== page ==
For today’s prompt, pick an intriguing and/or seldom-used word, make it the title of your poem, and then, write your poem. If you have a limited vocabulary, try out brabble, dandle, feracious, impavid, lippitude, or vulgus. Or pick up a dictionary or thesaurus.
Revision doesn’t have to be a chore–something that should be done after the excitement of composing the first draft. Rather, it’s an extension of the creation process!
In the 48-minute tutorial video Re-creating Poetry: How to Revise Poems, poets will be inspired with several ways to re-create their poems with the help of seven revision filters that they can turn to again and again.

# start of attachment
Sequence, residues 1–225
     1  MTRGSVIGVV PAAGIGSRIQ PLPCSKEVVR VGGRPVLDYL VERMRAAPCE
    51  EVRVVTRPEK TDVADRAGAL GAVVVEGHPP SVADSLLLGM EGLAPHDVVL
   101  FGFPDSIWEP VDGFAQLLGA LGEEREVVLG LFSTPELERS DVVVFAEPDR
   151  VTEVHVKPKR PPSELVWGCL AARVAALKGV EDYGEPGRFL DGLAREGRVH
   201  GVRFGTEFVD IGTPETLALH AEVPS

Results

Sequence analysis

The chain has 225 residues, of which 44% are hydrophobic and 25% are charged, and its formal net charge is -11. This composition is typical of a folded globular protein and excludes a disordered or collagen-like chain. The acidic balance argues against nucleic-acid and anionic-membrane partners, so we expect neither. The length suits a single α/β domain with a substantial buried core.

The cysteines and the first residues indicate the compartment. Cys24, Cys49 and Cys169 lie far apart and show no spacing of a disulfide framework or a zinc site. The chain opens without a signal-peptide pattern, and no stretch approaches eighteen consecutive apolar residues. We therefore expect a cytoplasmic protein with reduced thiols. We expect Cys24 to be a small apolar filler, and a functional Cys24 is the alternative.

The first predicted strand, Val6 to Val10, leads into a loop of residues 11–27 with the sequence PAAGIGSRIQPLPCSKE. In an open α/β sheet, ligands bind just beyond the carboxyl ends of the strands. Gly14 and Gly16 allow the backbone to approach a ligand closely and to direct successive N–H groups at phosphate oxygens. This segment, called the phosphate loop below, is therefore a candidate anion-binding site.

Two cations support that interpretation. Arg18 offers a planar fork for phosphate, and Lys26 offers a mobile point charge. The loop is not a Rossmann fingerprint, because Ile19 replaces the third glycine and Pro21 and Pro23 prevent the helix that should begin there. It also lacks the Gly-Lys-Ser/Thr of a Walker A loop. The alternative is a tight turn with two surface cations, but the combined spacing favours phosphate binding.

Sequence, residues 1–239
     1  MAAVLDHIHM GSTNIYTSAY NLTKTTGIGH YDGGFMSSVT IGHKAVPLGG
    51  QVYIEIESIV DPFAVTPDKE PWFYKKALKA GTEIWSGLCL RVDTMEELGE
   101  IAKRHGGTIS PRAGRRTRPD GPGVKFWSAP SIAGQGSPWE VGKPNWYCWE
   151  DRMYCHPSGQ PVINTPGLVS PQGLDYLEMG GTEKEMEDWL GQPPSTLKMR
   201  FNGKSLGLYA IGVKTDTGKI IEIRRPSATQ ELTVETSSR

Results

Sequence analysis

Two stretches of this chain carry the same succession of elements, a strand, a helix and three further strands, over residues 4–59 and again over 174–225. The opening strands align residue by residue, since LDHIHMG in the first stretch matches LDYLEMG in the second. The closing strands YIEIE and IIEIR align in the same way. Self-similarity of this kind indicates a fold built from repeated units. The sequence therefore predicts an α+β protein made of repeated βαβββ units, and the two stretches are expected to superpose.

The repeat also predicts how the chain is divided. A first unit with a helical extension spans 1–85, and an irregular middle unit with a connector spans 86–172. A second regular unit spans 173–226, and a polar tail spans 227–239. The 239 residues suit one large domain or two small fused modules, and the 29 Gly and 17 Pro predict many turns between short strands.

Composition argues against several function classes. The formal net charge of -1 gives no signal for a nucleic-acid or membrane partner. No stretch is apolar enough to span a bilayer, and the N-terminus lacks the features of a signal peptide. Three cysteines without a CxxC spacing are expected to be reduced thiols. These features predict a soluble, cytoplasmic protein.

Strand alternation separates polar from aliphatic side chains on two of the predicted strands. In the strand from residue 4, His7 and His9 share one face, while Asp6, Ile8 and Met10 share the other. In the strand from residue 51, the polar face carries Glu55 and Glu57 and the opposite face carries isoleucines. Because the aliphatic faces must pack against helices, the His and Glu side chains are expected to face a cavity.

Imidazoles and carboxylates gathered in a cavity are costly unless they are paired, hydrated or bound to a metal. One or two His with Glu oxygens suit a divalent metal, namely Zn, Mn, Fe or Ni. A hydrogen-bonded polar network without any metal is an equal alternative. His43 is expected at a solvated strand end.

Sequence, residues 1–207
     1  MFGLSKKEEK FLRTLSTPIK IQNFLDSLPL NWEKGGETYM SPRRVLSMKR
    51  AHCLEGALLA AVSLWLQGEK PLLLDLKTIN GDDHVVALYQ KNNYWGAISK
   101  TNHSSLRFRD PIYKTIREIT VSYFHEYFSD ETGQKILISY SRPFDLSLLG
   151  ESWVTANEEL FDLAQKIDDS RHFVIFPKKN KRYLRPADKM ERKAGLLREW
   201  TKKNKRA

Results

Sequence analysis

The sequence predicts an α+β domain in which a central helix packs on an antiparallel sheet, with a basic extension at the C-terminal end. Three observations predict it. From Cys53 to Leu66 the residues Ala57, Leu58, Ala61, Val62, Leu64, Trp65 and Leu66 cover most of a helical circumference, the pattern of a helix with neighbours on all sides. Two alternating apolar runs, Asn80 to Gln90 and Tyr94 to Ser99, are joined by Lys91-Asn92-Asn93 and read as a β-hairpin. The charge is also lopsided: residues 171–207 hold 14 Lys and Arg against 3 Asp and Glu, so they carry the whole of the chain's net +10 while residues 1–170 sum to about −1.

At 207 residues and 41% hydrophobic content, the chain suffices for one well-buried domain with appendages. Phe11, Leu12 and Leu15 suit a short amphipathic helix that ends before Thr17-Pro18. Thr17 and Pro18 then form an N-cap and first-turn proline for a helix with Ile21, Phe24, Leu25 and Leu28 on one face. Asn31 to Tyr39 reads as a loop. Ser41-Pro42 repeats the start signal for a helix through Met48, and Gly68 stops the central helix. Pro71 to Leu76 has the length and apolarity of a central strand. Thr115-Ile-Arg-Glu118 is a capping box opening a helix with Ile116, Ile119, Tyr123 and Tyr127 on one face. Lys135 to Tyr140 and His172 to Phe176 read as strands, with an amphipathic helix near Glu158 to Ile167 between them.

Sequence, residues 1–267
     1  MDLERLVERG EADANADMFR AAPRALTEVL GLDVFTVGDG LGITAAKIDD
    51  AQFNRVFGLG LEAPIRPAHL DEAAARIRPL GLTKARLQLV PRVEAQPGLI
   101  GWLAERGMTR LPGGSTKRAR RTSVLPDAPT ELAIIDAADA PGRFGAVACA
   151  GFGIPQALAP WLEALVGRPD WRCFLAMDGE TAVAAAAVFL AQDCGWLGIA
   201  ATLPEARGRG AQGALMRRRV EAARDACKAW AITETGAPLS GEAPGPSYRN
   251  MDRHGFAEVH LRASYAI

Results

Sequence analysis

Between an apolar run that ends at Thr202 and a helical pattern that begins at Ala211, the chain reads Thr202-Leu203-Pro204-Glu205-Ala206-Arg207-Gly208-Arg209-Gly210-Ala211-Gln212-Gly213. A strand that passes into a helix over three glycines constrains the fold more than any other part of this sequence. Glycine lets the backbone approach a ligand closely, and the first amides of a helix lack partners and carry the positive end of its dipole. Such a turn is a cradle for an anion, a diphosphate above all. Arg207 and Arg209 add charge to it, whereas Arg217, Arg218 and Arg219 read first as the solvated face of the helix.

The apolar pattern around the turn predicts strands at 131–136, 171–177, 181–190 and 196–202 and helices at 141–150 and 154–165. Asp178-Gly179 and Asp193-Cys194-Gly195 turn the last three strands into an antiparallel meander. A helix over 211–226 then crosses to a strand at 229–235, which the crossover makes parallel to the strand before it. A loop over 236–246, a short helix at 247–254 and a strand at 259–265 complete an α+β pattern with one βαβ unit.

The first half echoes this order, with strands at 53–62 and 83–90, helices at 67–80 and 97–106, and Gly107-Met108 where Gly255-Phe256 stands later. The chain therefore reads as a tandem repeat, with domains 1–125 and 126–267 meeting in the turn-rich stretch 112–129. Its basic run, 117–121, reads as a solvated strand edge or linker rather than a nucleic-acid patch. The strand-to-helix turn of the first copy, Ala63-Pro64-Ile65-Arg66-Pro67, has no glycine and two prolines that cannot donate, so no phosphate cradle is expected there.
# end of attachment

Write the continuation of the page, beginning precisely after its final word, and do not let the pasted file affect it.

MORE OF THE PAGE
Here’s my attempt at an Interesting Word Poem:
hear me howl & yelp
into the darkness
over this moment
receiving your kiss
with the lonely moon
our only witness
Robert Lee Brewer is Senior Content Editor of the Writer’s Digest Writing Community and author of Solving the World’s Problems (Press 53). He took the word for his example poem and the example words above all from the book: The Gilded Tongue, by Rod L. Evans, Ph. D.
Follow him on Twitter @RobertLeeBrewer.